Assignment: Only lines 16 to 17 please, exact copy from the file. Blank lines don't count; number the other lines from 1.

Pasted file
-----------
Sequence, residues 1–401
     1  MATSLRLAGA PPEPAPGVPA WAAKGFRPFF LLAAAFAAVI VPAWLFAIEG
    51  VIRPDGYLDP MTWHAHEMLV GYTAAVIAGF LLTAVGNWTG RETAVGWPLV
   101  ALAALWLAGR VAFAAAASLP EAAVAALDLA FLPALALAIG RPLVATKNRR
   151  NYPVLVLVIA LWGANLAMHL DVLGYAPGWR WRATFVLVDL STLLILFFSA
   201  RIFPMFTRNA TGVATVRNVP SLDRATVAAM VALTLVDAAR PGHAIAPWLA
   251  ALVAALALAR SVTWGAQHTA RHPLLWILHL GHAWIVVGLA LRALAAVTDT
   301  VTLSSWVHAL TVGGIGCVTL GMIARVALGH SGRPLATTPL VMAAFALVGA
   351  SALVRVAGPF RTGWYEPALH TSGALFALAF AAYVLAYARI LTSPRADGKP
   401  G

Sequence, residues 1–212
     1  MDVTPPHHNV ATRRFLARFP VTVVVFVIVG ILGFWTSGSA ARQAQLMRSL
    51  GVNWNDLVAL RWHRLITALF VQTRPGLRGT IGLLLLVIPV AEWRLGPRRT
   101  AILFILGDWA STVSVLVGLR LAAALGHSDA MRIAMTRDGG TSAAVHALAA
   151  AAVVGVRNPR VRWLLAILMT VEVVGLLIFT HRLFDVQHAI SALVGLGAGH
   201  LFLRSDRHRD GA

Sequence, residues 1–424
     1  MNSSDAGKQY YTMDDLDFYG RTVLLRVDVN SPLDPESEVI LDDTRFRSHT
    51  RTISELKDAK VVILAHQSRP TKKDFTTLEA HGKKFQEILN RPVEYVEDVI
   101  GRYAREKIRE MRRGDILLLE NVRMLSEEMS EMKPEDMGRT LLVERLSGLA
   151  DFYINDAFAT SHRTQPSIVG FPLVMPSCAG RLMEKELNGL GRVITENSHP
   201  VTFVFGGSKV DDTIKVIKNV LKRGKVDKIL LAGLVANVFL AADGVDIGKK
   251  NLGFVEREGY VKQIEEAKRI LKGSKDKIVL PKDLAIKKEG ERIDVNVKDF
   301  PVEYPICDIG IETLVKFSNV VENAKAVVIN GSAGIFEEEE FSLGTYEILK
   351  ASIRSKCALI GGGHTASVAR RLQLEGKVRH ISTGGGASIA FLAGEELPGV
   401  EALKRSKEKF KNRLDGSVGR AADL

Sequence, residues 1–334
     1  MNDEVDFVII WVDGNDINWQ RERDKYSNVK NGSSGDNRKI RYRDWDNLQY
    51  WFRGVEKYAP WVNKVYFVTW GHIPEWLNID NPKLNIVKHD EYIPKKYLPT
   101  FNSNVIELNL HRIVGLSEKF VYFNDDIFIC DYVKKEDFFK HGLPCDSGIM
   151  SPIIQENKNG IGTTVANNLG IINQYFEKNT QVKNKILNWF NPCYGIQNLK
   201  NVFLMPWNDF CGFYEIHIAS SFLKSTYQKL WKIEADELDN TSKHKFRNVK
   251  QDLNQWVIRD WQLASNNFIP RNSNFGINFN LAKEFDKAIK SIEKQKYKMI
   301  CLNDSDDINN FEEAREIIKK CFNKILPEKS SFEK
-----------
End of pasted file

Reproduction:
   201  LFLRSDRHRD GA

Sequence, residues 1–424